By Brian F. Tankersley, CPA, CITP, CGMA
Document Storage Solutions are one of several types of applications which accounting professionals may use in a firm to store, organize, search, and retrieve their digital documents. Document storage applications are most commonly compared with document management solutions (which we reviewed in the May 2013 issue). The primary distinction between document management and document storage solutions is the breadth and depth of functionality.
- Document Storage Solutions (DSS) typically have a more focused set of features and functions, which are often targeted to a specific niche such as direct integration with a particular tax prep package, integration with QuickBooks, or providing a secure file sharing solution. These applications are generally designed to index data in a single (or small number) of ways, and may have a fixed organizational hierarchy.
- Document Management Systems (DMS) are designed as comprehensive enterprise solutions for automating the capture, storage and dissemination of all electronic documents and files in an organization. DMS applications typically, but do not always, have the ability to connect with products from multiple vendors and multiple index fields so that a single document can be simultaneously filed more than one way.
Document storage solutions are less sophisticated than document management systems, and typically offer fewer options for how documents are stored, indexed, and retrieved. These solutions may be offered as “best in breed” applications like Personable’s Workflow DMS or SmartVault, or they could be part of a broader suite of integrated solutions like the other five applications included in this review.
Our 2013 review includes the following applications:
- CyberCabinet by AccountantsWorld
- Drake Document Manager by Drake Software
- Lacerte DMS / ProSeries DMS by Intuit
- Practice Management 2013 by Office Tools Pro
- Workflow DMS by Personable
- FileCabinet CS by Thomson Reuters
Some features to look for in document storage solutions include:
- Ease of Use – Is the application easy to work with, and can novice users perform meaningful work without extensive training?
- Index and Search – Is it possible for users to customize how documents are organized with folders and customizable index fields? Is search limited to filenames in a single folder, or is it across all client folders? Are the contents of documents indexed and searchable?
- Integration with Other Applications – While all of the applications which are part of a suite had good integration with related offerings from the same publisher, many of these same applications were difficult to use with software from other publishers. Are there any toolbars or add-ins which make it easier to store, organize, search, and retrieve documents, or must users go through a multi-step process every time they wish to view or edit a document? Are portal solutions available, and if so, how smooth is the integration between the document storage application and the portal service?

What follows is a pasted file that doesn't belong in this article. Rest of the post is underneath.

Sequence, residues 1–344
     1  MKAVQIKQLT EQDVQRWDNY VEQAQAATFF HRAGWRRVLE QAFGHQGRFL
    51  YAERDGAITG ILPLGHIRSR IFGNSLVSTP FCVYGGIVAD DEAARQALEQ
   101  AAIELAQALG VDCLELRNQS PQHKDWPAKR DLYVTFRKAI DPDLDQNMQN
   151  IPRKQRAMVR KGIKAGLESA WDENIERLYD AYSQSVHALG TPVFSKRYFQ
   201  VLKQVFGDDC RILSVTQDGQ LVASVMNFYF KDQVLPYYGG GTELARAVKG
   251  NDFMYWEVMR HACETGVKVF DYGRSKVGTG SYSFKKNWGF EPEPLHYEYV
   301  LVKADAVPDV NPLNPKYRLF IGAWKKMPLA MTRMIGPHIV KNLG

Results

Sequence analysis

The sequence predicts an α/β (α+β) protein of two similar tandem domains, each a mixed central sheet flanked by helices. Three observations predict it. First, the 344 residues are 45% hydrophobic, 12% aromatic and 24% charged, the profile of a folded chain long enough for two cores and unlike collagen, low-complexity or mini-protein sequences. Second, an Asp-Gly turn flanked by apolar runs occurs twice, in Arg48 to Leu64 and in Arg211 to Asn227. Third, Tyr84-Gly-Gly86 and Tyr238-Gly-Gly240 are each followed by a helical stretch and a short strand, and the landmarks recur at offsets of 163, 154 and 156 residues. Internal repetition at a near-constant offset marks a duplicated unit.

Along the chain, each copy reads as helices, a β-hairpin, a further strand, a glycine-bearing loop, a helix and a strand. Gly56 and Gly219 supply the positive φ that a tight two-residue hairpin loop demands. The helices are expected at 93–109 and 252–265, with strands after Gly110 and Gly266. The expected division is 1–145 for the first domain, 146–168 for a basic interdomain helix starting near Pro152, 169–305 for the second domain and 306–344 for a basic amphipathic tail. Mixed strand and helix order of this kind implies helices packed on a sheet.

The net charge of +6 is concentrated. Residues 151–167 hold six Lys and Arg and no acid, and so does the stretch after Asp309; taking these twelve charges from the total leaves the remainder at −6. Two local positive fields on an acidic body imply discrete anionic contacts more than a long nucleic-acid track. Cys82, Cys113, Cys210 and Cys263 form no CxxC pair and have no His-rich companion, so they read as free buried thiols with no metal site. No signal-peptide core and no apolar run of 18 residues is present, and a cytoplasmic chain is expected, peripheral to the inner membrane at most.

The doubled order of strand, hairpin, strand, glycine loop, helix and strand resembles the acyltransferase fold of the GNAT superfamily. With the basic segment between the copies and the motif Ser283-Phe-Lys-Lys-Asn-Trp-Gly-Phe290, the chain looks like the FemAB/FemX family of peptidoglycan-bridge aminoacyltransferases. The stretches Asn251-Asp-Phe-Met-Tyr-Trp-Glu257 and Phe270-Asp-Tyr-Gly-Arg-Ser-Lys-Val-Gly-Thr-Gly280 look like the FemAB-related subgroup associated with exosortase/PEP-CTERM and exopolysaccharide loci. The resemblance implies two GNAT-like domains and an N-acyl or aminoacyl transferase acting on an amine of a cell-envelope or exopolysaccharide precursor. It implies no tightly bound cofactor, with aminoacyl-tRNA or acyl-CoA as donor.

- Document Security – Are there user-level permissions for the application? How granular are the settings – do the settings govern the entire document repository, or are they set at the client, subfolder, or document level?
- Cloud Availability – While not every firm is running at breakneck speed toward cloud-based applications, some applications do not have a web version, and the publisher does not support application hosting.
- Bonus Features– Are there other capabilities of this document storage solution which make it more interesting to some users? Some examples would include
- Workflow DMS works with Personable’s ScanWriter software, which extracts accounting data from images of commonly received statements
- CyberCabinet and SmartVault include integrated client portals as part of the portal offering.
- Practice Management 2013 is a single application which is used for a wide variety of tasks within a firm, including document storage, client relationship management, project management, practice management, and calendar management.
The document storage needs of a 25 person organization with two offices which prepares tax returns, does client bookkeeping with QuickBooks, and processes payroll for hundreds of companies are radically different from the requirements of a solo practitioner who works from a virtual office with clients around the world on expatriate returns.
Just as these firms would likely evaluate the products differently than we have, firms should use the ratings as a guide to help them evaluate a wide range of solutions. We encourage you to see at least three or four demonstrations before you select a product, as the evaluation process will help you determine in your mind what you want and do not want in a document storage system.
Even if you know you are going to pick a particular product because of the suite of solutions you use, you will learn ideas on how to effectively implement this solution by seeing how other products handle common issues and challenges.
See inside July 2013
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